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By Chris Opfer
Feb. 9 — An assorted mix of lawmakers have hitched their wagons to an obscure Labor Department program designed to offset some expected job losses related to the pending Pacific Rim trade deal, but even the most ardent supporters say the benefits system has its limits.
The Trade Adjustment Assistance program provides unemployment compensation, wage insurance, training and other benefits to workers who lose their jobs because of competition from foreign countries.
Although the program was reauthorized as a way to attract support from lawmakers skeptical about the Trans-Pacific Partnership agreement, many say it simply subsidizes bad trade policy that will cost American jobs.
“Trade adjustment—make no mistake about it—is a fancy burial,” AFL-CIO President Richard Trumka told reporters Feb. 3. “It’s not a substitute for keeping jobs in the country.”
The AFL-CIO has been a vocal player in the fight to stop the 12-nation TPP trade deal, which the federation argues will give businesses an incentive to send jobs to partner countries where wages are lower and labor protections are inadequate.
A number of lawmakers who favor the TAA program say it's a reflection of just how bad many trade agreements have been for American workers.
“The TAA is an utter admission that the trade deals are going to cause major job losses,” Sen. Jeff Sessions (R-Ala.) told Bloomberg BNA Feb. 2.
The TAA program has been reauthorized and tweaked several times since its creation in 1975.
That includes last year, when Congress passed legislation to renew the program for $450 annually. The measure was dangled to coax lawmakers into supporting a separate bill restoring President Barack Obama's power to negotiate and enter into trade deals with only an up-or-down vote on it in the Capitol
The program currently covers manufacturing and service sector workers who lose their jobs because of increased outsourcing or importing to any country, regardless of whether it has a trade deal with the U.S.
Those workers—or their employers or unions—have to file a petition for TAA benefits, which include up to 130 weeks of income assistance for workers who participate in training programs, as well as job search and relocation allowances.
Laid-off workers over the age of 50 also can obtain wage insurance if they're eventually hired at a lower pay rate.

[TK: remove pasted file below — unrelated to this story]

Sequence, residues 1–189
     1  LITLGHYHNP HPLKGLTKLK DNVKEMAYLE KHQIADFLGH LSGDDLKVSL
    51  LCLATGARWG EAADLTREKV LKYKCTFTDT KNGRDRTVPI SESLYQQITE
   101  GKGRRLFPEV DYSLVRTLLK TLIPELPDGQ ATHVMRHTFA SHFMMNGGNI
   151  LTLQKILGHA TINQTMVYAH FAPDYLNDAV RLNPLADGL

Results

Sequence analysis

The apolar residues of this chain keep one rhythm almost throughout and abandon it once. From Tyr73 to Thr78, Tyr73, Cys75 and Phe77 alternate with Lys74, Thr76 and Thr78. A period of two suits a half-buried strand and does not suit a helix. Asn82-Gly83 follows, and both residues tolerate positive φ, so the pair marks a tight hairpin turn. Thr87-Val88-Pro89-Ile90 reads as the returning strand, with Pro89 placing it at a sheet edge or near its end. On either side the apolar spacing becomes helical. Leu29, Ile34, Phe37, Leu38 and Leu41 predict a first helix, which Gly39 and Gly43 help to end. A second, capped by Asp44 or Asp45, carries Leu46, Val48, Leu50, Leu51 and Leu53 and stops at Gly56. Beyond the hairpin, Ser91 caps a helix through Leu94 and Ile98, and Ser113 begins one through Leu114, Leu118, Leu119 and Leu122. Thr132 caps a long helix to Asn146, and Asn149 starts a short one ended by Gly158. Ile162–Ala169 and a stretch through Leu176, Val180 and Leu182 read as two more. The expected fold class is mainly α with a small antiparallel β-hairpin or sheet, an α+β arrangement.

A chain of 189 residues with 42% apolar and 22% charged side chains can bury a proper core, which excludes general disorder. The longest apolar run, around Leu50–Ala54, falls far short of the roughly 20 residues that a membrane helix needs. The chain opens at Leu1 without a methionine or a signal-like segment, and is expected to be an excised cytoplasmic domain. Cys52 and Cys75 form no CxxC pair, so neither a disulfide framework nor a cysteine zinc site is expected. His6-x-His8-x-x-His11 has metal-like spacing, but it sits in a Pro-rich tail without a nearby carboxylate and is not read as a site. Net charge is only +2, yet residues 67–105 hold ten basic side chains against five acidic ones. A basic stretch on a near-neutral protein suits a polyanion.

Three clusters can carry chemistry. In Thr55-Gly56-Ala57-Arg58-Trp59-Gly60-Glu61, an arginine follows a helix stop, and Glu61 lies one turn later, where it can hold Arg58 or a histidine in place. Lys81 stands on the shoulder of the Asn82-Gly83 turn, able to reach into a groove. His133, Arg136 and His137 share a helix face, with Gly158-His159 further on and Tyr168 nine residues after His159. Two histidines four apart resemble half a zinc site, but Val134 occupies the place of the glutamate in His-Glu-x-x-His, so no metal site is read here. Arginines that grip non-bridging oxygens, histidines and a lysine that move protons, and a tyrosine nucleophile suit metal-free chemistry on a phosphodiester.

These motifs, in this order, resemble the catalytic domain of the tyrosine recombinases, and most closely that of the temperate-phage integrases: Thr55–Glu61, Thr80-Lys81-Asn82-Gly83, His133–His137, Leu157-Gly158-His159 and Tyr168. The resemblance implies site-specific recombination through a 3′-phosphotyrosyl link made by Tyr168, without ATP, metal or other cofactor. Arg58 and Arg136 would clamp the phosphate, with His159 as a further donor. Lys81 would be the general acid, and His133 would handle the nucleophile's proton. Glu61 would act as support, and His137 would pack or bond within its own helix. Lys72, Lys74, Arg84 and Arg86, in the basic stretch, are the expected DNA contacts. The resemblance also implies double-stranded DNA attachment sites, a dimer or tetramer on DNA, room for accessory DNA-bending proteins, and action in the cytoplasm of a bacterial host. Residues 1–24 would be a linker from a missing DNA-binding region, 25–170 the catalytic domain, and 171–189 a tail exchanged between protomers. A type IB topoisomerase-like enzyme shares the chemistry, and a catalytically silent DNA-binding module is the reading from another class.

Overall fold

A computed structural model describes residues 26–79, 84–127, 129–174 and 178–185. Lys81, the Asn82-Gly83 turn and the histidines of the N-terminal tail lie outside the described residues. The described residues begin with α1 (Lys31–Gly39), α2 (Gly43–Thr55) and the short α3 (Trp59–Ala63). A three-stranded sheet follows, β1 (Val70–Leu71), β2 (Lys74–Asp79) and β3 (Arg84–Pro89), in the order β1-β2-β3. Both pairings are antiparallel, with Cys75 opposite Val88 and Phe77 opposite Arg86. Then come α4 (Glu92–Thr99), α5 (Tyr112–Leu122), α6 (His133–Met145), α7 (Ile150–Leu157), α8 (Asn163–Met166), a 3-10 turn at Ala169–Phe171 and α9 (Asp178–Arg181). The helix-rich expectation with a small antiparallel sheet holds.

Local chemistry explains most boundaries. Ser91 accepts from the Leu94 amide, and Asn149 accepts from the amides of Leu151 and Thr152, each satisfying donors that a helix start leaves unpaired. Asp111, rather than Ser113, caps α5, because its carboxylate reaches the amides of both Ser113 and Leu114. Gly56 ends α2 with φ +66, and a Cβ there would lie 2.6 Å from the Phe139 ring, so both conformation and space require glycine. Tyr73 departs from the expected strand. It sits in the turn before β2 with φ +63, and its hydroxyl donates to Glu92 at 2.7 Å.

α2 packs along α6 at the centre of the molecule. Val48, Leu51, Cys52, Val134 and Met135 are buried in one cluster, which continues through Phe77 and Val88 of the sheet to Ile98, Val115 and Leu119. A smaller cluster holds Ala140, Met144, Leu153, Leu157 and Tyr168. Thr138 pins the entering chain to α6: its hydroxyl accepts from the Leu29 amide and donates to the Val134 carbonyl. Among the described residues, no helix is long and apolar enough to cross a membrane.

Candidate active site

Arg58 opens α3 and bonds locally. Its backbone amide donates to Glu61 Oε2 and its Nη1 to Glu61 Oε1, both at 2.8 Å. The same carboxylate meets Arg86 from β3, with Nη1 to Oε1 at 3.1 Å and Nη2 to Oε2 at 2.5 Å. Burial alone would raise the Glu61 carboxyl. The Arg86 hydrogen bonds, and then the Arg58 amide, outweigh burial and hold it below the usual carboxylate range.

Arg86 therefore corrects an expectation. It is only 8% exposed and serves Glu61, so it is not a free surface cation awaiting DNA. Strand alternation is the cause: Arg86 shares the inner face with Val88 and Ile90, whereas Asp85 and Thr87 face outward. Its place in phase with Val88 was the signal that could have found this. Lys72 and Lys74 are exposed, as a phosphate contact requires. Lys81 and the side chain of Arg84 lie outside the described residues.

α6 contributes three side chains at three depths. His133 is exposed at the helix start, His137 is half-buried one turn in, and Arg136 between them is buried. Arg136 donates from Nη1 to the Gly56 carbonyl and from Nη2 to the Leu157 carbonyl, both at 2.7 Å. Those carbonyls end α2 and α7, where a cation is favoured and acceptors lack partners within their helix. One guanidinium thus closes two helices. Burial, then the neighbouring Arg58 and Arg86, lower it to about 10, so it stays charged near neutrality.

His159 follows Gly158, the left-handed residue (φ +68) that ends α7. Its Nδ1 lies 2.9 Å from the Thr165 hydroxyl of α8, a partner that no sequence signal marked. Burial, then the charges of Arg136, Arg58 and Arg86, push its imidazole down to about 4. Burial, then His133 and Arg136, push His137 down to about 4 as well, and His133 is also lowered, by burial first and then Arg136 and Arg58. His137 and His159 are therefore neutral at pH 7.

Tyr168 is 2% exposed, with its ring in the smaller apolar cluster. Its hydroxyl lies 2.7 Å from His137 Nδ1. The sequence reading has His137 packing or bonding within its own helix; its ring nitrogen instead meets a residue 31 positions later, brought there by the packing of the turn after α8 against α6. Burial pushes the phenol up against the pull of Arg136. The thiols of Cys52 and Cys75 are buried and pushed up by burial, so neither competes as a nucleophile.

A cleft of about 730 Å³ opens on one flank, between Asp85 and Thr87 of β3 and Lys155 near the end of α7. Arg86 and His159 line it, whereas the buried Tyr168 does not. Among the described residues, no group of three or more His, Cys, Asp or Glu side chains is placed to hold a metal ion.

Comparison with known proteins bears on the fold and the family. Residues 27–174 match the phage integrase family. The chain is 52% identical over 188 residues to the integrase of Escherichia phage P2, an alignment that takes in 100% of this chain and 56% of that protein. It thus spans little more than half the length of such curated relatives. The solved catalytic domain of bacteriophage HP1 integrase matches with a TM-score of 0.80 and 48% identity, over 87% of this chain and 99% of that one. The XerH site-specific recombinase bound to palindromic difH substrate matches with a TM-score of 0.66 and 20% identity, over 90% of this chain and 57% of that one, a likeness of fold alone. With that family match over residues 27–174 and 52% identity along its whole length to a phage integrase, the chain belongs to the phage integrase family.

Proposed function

Obama has recently argued that a similar wage insurance program should be extended to jobless workers generally .
The Labor Department paid roughly $507 million in TAA money to states last year. Texas received the most TAA funding ($49 million) in 2015, followed by Pennsylvania ($45 million) and Michigan ($26 million).
Demand for TAA benefits could rise if Congress approves the Pacific trade deal. Researchers at Tufts University recently estimated that the TPP will cost the U.S. nearly half a million jobs by 2025 .
That doesn't mean the program is likely to grow.
Many Republicans had to hold their noses and vote for the TAA bill in order to get enough votes on the “fast track” legislation. Critics of the program say it's ineffective and gives a preference to a relatively small set of workers laid off for trade-related reasons.
James Sherk, a labor economics researcher at the Heritage Foundation, said TAA participants may be worse off than other workers who get unemployment insurance while they're out of a job.
“The TAA benefits are not equal to what you would get if you have a job, and what happens is that the workers spend up to two years not looking for work while they’re in the training programs,” Sherk told Bloomberg BNA Feb. 9. “When they get out of the training, they never recover from that hit to their earnings because they don't wind up making more money than they would have otherwise.”
In a 2012 study commissioned by the Labor Department, Mathematica Policy Research concluded that the TAA's net benefit for participating workers was negative $27,000 per participant.
Mathematica found that TAA participants in the manufacturing industry had lower earnings after completing the program than those who filed for unemployment insurance during the same time and weren't eligible for trade adjustment benefits.
“Basically, these federal job training programs don’t do all that much to make workers more re-employable,” Sherk said. The Labor Department provided information about how TAA money is spent, but didn't immediately respond to Bloomberg BNA's request for comment on the Mathematica study.
Meanwhile, some TAA supporters say the program isn't a viable solution to trade policy problems like the lack of adequate wage, labor and currency manipulation protections in the TPP. The group includes Sen. Sherrod Brown (D-Ohio), who fought to get the TAA program reauthorized as part of the trade legislation passed last year.
“Too many trade deals have put Americans out of work, and TAA gives them the support they need to find their next step,” Brown told Bloomberg BNA via e-mail Feb. 2. “But to prevent jobs from being lost in the first place, we need better trade enforcement that holds countries accountable when they cheat trade rules.”
Brown pushed unsuccessfully to increase TAA funding to $575 million. He also has said the program should be expanded to include public sector workers who lose jobs when local layoffs decrease tax receipts and demand for services.
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